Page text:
|At the local level–sentence-by-sentence–a writer may work to avoid common sentence errors, seeking to identify problems with diction, grammar, mechanics, punctuation. They may question their word choice and check to see that they’ve used concrete & sensory language, figurative language and concise language to exemplify key points. They may copyedit documents, looking for common sentence errors.|
Style in U.S. High Schools & Postsecondary Education
In school-based writing, teachers tend to grade for style. Teachers notice immediately when a student’s written work fails to use
- correct grammar or mechanics
- lacks clarity
- uses incomprehensible language; vague language; or overgeneralizations
- fails to provide evidence for claims
- fails to provide citations for attributions
By the conclusion of high school, students in the U.S. are expected to being able to produce prose that is relatively error free from the perspective of Standard Written English.
How to Adopt an Appropriate Style
Learn how to develop your unique style, For example, learn to check the register of discourse, the formality of the occasion, so you can code switch as necessary and develop an appropriate rhetorical stance, following rhetorical analysis, and rhetorical reasoning.
- First, engage in rhetorical analysis–especially audience analysis
To develop a style that is appropriate for a communication situation, question your audience’s expectations.
- Next, engage in rhetorical reasoning: Given the exigency, the call to write,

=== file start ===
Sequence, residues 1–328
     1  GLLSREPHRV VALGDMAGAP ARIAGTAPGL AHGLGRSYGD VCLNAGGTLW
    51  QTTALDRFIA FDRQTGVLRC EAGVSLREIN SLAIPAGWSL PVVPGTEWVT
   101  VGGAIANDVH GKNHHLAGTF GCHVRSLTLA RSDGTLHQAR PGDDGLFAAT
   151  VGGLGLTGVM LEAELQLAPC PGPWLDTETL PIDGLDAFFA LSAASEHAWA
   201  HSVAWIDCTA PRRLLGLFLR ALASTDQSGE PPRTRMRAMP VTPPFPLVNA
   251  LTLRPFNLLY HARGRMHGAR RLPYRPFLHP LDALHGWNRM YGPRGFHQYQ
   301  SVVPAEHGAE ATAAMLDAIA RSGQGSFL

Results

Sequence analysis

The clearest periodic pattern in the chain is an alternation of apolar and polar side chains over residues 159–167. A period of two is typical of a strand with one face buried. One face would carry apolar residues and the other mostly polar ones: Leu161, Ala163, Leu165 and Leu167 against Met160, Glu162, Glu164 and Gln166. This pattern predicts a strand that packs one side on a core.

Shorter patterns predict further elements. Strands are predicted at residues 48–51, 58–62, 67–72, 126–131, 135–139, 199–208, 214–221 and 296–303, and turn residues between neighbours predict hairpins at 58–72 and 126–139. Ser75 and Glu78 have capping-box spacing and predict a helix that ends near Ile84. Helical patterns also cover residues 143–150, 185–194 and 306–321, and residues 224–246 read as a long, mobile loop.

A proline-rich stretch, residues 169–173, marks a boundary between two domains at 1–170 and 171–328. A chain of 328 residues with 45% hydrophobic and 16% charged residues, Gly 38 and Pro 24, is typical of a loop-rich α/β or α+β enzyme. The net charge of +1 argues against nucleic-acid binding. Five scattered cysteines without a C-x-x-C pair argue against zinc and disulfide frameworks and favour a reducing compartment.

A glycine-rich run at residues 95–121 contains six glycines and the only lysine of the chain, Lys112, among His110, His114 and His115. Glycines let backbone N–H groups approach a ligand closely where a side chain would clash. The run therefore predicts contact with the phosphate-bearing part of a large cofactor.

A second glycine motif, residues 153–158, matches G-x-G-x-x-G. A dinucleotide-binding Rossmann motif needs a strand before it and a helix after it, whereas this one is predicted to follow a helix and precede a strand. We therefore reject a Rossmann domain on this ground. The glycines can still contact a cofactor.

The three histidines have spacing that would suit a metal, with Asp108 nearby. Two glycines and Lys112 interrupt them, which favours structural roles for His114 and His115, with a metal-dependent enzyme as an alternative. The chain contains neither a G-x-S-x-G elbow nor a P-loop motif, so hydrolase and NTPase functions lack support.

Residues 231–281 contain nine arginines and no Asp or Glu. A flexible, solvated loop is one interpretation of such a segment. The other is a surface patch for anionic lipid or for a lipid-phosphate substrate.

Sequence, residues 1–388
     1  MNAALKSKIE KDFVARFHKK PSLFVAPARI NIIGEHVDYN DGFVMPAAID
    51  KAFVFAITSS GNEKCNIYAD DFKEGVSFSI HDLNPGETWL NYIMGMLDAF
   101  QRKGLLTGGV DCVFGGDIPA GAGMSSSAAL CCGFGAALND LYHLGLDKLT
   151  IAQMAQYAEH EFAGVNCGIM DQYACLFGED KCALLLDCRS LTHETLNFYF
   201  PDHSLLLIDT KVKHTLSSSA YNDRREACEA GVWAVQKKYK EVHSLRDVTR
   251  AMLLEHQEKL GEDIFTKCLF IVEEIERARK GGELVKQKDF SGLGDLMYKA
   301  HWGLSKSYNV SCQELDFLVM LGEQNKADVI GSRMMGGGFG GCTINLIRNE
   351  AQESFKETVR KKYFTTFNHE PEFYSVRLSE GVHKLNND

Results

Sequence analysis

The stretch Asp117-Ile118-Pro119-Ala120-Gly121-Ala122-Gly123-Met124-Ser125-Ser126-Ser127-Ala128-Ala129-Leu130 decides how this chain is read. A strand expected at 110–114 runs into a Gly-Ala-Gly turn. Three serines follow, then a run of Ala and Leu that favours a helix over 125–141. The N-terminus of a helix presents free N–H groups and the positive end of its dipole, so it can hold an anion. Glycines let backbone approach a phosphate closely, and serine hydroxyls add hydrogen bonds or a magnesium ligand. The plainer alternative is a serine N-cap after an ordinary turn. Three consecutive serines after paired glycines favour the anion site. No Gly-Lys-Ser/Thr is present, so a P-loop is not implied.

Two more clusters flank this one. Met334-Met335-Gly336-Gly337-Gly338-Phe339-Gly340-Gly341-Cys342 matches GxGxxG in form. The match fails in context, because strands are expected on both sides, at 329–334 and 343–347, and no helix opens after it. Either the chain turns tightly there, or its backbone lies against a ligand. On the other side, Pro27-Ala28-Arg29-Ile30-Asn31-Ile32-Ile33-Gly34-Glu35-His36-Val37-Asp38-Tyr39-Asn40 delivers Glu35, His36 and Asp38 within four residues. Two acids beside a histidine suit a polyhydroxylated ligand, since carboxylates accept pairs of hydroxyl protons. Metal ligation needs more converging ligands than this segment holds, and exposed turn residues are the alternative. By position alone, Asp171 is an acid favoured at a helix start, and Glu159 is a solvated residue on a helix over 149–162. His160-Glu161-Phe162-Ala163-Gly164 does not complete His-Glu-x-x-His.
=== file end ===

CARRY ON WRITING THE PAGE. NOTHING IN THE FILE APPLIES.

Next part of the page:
- How informal or formal are you expected to be?
- What register and diction should you use to best accomplish your purpose in communicating?
- What tone, voice, or point of view can you use to develop an appropriate style?
- What writing style does your audience expect you to use?
- Throughout the composing process, you might try reading your writing out loud. This can be a useful way of double checking whether your tone, voice, and persona are appropriate for the communication situation.
Style & Design
Style and design are interrelated concepts: both style and design are concerned with
Style addresses the aesthetics of alphabetical language
Style & Voice
The terms style and voice may be used synonymously. Yet the difference is that style concerns the overall orchestration of the elements of discourse. Voice, in contrast, is more limited: it refers to the writer’s expression of their personality or their rhetorical stance regarding the topic.
Examples of Popular Style Guidelines:
Apple Style Guide
Published by Apple, this is a useful example of a company-based style guide.
A Plain English Handbook
Published by the Office of Investor Education and Assistance at the U.S. Securities and Exchange Commission, this is a useful review of copyediting guidelines.
Examples of Research and Theory on Style
Ray, Brian. (2015). Style: An Introduction to History, Theory, Research, and Pedagogy. Parlor Press; The WAC Clearinghouse. https://wac.colostate.edu/books/referenceguides/style/